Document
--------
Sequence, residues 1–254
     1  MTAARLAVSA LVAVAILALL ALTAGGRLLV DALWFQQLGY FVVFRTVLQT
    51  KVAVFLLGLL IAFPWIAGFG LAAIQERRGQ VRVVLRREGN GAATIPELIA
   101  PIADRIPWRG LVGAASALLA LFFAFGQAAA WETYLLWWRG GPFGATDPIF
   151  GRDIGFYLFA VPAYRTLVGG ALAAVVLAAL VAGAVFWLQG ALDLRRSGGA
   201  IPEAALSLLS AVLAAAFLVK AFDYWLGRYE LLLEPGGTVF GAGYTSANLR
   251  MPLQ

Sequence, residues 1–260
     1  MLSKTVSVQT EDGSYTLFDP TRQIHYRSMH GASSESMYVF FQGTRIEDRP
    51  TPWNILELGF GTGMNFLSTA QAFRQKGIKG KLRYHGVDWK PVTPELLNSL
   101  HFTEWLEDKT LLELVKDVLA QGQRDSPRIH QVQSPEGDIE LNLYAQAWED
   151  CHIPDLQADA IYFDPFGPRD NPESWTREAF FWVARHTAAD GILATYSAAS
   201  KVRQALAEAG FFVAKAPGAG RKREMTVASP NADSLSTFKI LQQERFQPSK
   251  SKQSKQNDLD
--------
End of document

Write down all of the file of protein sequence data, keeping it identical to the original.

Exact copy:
Sequence, residues 1–254
     1  MTAARLAVSA LVAVAILALL ALTAGGRLLV DALWFQQLGY FVVFRTVLQT
    51  KVAVFLLGLL IAFPWIAGFG LAAIQERRGQ VRVVLRREGN GAATIPELIA
   101  PIADRIPWRG LVGAASALLA LFFAFGQAAA WETYLLWWRG GPFGATDPIF
   151  GRDIGFYLFA VPAYRTLVGG ALAAVVLAAL VAGAVFWLQG ALDLRRSGGA
   201  IPEAALSLLS AVLAAAFLVK AFDYWLGRYE LLLEPGGTVF GAGYTSANLR
   251  MPLQ

Sequence, residues 1–260
     1  MLSKTVSVQT EDGSYTLFDP TRQIHYRSMH GASSESMYVF FQGTRIEDRP
    51  TPWNILELGF GTGMNFLSTA QAFRQKGIKG KLRYHGVDWK PVTPELLNSL
   101  HFTEWLEDKT LLELVKDVLA QGQRDSPRIH QVQSPEGDIE LNLYAQAWED
   151  CHIPDLQADA IYFDPFGPRD NPESWTREAF FWVARHTAAD GILATYSAAS
   201  KVRQALAEAG FFVAKAPGAG RKREMTVASP NADSLSTFKI LQQERFQPSK
   251  SKQSKQNDLD